• Question: Why can I easily pick out different accents from the UK - e.g. Birmingham/Liverpool/Scottish, etc - but not for foreign languages? I know different regions of France have different accents too!

    Asked by tyrrellt to Matt D, Joe, Anna on 10 Apr 2015.
    • Photo: Joseph Devlin

      Joseph Devlin answered on 10 Apr 2015:

      The real answer is “I don’t know” but I’m happy to speculate because I’m in the same situation. I grew up in the US and can tell different US accents apart (mostly) but am poor at UK accents and useless at other English groups. I suspect it has to do with age-of-acquisition and familiarity.

      Your early language acquisition days have a profound influence on the way your auditory system hears speech sounds. As babies we not only produce the full range of speech sounds that humans can make, we can also hear those differences. So Japanese babies produce different R’s and L’s and can hear the difference and UK babies can distinguish the American D and T sounds (where Americans are heard to say “It’s like *hurting cats (it’s like herding cats)”. Around 6-9 months, though, babies get better at recognising the sounds used in their own language and start to learn that some of the distinctions that they hear are not meaningful so they learn to classify them differently. As a result, as they become better speakers and listeners to their own language(s), they lose the ability to hear some of the subtleties of other languages. So you’re always going to be better at hearing accent differences in your native language than in other languages, even when it’s the same language (English) but a different form (British vs. American).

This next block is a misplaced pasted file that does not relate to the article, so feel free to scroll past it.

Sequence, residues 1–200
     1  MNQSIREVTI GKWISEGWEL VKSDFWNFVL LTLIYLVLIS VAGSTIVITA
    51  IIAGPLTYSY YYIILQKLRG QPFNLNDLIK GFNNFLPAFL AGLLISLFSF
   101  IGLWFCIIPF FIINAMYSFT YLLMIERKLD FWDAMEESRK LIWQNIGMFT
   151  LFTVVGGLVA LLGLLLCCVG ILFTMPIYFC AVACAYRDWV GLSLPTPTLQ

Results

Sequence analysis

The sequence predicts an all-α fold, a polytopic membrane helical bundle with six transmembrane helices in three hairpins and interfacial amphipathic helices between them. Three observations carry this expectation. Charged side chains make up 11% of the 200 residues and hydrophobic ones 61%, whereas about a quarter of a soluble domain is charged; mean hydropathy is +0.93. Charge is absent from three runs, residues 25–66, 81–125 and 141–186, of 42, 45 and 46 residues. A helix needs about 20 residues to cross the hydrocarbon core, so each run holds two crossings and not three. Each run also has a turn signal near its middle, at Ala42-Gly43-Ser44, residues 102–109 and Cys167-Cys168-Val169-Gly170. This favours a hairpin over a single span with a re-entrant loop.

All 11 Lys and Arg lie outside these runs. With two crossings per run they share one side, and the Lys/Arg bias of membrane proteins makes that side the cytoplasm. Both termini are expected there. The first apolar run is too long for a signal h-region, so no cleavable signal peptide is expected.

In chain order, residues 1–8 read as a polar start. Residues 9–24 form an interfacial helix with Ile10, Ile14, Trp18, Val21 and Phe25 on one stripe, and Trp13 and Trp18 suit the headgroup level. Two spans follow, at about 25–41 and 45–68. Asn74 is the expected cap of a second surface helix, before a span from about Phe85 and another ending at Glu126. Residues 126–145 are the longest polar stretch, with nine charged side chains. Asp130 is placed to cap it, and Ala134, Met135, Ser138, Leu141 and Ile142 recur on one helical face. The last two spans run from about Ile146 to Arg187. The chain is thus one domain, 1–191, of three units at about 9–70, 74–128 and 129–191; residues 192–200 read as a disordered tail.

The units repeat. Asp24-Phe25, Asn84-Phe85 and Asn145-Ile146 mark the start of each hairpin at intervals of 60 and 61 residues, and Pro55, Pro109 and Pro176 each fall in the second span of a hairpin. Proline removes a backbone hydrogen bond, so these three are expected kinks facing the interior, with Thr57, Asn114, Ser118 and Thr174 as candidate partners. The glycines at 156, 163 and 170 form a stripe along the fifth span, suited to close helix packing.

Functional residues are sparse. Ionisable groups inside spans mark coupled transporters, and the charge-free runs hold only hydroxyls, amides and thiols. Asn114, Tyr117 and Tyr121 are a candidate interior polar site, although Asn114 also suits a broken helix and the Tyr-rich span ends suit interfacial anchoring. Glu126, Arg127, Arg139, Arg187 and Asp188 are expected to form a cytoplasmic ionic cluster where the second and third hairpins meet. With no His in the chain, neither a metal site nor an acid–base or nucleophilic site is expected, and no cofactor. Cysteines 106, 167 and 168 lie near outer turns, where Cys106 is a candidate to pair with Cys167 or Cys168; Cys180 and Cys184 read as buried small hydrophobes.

It’s slightly more complicated, though, because you can get better at hearing these differences with training/practice. So if you move to France and live there long enough, you’ll get progressively better at recognising regional accents. For most people, even with tons of practice you’ll never be as good as someone born to the language though. Personally, I think I have a tin-ear because after almost 20 years in the UK, I still can’t even fake a British accent well enough to avoid ridicule…

    • Photo: Anna Simmonds

      Anna Simmonds answered on 13 Apr 2015:

      I agree with Joe’s suggestion of age-of-acquisition and familiarity, with the latter probably having more of an impact. As a native speaker of British English you can detect subtle differences in the regional accents you mentioned, because you’re used to hearing them and also the geographical origin is often reinforced to you. You know what friends or celebrities from Scotland sound like, and you also know they’re from Scotland, which strengthens the link and makes the accent readily associated with the place.

      With a foreign language, you might be familiar with it enough to recognise it as that language, but not be able to detect the subtle differences in regional accents. As Joe said, becoming better at your own language means you lose the ability to hear subtle differences in other languages. You might not even be able to hear the differences, let alone identify them as coming from a particular region. But this could improve through exposure to the sounds.

      This youtube video is a great example of how we can identify specific languages on their sound alone: http://www.youtube.com/watch?v=ybcvlxivscw